NASA awards Firefly Aerospace $93.3m to investigate lunar surface conditions

NASA has awarded Firefly Aerospace approximately $93.3m to facilitate ten investigations and technology demonstrations to help scientists understand lunar surface conditions.

The funding is part of the agency’s Commercial Lunar Payload Services (CLPS) initiative, in which NASA is securing the service of commercial partners to quickly land science and technology payloads on the lunar surface. Firefly Aerospace will be responsible for end-to-end delivery services, including payload integration, launch from Earth, landing on the Moon, and mission operations. The mission will investigate a variety of lunar surface conditions and resources to help NASA prepare for human missions to the lunar surface.

Thomas Zurbuchen, associate administrator for science at NASA Headquarters in Washington, said: “We’re excited another CLPS provider has won its first task order award. With this initiative, we seek to develop ways for new science and technology development utilising a service-based model. This allows US vendors to not only demonstrate their ability to safely deliver payloads to our celestial neighbour, but also expand this capability for others who want to take advantage of this cutting-edge approach to explore the Moon.”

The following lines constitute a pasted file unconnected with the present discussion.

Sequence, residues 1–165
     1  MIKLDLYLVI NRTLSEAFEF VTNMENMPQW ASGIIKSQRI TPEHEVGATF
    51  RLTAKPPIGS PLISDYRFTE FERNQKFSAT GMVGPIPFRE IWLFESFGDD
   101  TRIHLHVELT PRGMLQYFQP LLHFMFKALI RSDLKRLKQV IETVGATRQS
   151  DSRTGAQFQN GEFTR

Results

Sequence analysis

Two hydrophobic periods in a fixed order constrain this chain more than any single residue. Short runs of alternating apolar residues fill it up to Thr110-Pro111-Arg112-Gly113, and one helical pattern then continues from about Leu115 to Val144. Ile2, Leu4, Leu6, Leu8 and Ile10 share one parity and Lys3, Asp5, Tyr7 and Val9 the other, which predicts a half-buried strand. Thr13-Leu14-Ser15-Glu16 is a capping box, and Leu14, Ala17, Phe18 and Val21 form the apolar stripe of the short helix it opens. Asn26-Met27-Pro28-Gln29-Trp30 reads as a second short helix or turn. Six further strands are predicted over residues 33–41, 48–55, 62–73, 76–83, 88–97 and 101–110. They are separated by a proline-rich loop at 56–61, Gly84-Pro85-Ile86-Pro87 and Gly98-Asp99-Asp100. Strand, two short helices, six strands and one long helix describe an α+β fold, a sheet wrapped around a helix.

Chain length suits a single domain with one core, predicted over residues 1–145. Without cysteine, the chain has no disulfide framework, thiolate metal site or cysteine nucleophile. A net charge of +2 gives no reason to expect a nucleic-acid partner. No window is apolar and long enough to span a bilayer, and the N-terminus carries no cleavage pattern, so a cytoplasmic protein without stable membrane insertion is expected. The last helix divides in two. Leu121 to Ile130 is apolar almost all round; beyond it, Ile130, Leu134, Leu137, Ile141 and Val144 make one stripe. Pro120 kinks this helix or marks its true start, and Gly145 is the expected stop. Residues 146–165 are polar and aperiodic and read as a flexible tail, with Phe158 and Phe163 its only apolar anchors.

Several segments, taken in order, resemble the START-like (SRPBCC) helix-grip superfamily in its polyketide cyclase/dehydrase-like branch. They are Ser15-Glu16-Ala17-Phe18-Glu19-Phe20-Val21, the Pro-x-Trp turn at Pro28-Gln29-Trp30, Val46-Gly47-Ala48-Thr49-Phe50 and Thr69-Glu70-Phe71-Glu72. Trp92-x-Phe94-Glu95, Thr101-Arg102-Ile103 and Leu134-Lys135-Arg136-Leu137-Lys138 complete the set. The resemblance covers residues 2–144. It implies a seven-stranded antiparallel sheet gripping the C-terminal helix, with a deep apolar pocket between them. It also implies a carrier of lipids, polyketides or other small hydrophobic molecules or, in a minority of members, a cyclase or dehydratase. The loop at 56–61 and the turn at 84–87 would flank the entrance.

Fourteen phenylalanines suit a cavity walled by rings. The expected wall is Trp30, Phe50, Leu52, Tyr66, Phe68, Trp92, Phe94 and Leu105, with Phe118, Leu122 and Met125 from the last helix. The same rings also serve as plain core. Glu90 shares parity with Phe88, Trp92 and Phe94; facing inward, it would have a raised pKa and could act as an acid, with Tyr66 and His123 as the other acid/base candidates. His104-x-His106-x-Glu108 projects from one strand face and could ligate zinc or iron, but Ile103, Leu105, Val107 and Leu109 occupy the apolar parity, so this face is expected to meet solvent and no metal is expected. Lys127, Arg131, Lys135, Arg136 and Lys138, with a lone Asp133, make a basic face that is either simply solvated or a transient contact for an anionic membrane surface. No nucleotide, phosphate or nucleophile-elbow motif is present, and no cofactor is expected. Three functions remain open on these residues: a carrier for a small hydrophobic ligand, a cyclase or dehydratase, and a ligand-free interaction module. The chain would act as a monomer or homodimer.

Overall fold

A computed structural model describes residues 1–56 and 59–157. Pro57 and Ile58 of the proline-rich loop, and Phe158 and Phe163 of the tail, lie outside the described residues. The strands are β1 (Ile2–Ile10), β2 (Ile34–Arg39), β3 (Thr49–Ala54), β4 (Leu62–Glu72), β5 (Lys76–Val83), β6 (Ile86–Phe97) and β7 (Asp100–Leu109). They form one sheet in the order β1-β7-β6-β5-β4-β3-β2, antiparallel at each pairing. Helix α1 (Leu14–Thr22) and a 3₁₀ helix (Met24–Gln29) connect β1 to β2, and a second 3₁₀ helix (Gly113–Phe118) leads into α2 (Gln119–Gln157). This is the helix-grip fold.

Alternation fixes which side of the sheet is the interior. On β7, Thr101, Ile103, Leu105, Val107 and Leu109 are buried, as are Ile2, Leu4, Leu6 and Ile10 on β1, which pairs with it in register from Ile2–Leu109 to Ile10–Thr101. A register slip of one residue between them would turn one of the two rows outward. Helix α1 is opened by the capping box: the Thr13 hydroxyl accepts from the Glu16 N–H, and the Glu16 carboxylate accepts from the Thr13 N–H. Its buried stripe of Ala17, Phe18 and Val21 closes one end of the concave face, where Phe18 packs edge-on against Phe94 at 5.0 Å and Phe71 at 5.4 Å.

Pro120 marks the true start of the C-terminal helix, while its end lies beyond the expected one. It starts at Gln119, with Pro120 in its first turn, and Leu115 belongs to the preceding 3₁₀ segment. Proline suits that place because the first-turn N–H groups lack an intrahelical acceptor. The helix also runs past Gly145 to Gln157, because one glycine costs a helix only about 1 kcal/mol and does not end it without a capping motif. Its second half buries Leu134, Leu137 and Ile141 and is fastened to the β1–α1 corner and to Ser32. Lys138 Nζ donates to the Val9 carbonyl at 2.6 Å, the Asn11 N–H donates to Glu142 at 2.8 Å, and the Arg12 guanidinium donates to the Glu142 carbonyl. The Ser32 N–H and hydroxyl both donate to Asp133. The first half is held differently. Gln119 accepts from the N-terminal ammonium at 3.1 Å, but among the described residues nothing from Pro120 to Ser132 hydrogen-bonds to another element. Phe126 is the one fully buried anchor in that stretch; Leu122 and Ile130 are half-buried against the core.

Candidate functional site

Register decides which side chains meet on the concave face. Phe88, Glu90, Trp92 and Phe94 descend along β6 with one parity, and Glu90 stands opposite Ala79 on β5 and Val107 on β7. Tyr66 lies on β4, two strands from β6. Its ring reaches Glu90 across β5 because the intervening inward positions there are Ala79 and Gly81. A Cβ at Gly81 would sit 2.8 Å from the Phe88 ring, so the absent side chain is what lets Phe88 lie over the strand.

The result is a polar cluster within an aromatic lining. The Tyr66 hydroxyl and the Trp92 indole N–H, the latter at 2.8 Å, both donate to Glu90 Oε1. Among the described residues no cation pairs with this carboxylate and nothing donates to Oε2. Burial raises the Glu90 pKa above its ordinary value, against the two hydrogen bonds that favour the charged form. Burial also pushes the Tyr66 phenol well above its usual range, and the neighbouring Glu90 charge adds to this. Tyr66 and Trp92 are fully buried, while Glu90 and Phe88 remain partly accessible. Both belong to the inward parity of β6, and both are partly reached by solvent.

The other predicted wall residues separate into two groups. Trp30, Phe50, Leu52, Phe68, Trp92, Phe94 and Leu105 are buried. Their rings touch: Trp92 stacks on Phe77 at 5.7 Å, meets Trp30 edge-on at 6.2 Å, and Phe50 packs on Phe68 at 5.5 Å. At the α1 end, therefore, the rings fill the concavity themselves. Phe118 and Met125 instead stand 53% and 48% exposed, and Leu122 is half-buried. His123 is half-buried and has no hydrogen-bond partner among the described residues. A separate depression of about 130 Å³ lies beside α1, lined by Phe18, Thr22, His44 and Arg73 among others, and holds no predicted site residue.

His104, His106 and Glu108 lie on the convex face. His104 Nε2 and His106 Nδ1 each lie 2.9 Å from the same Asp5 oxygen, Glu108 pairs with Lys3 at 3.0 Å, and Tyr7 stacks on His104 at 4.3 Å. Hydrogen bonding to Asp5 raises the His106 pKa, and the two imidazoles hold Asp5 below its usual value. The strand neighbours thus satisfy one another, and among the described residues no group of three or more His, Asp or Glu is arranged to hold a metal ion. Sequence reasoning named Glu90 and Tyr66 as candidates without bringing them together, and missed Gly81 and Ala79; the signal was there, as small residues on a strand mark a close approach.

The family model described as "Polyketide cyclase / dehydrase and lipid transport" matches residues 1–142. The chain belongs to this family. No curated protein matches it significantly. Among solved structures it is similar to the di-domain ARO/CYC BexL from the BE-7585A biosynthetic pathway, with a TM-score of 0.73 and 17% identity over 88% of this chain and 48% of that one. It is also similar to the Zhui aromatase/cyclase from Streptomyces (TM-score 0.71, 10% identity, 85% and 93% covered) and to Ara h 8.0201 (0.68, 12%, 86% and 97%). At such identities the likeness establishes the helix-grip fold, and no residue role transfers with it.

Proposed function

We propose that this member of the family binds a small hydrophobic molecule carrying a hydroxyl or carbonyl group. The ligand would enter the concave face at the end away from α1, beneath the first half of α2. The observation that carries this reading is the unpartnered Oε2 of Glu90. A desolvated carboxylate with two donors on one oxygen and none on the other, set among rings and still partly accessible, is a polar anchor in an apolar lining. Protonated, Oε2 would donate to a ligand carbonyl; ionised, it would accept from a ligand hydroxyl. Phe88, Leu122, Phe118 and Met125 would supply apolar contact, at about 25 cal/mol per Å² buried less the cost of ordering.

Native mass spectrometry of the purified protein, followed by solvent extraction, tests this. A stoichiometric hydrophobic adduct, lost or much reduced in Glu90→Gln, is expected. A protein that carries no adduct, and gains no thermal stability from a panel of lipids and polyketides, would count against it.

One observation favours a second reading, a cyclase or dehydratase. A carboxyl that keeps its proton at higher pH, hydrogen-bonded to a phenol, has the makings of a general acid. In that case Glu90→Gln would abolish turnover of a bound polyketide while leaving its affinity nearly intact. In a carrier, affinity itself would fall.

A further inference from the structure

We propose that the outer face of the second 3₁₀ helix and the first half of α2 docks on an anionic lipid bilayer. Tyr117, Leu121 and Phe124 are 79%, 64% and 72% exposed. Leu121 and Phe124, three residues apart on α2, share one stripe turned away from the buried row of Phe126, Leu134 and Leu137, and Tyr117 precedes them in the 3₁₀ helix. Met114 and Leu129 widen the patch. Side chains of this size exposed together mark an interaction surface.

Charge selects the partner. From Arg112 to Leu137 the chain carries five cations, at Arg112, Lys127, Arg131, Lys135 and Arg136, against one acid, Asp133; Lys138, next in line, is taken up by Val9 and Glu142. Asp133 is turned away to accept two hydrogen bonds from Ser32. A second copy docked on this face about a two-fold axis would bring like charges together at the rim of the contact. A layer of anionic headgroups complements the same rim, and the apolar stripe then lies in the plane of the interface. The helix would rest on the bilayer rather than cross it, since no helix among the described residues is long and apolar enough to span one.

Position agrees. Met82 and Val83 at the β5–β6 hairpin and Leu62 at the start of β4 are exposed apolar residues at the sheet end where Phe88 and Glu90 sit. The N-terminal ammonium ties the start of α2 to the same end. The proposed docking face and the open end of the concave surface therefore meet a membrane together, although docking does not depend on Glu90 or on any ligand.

The maiden voyage of the Blue Ghost lander

Firefly Aerospace will provide the lunar delivery service using its Blue Ghost lander, which the company designed and developed at its Cedar Park facility. This facility will house the integration of NASA and any non-NASA payloads, and will serve as the company’s mission operations centre for the 2023 delivery.

Chris Culbert, manager of the CLPS initiative at NASA’s Johnson Space Center in Houston, said: “The payloads we’re sending as part of this delivery service span across multiple areas, from investigating the lunar soil and testing sample capture technology, to giving us information about the Moon’s thermal properties and magnetic field.”

Mare Crisium, where Firefly Aerospace’s Blue Ghost will land, is a more than 300-mile-wide basin where instruments will gather data to provide insight into the Moon’s regolith – loose, fragmented rock and soil – properties, geophysical characteristics, and the interaction of solar wind and Earth’s magnetic field.

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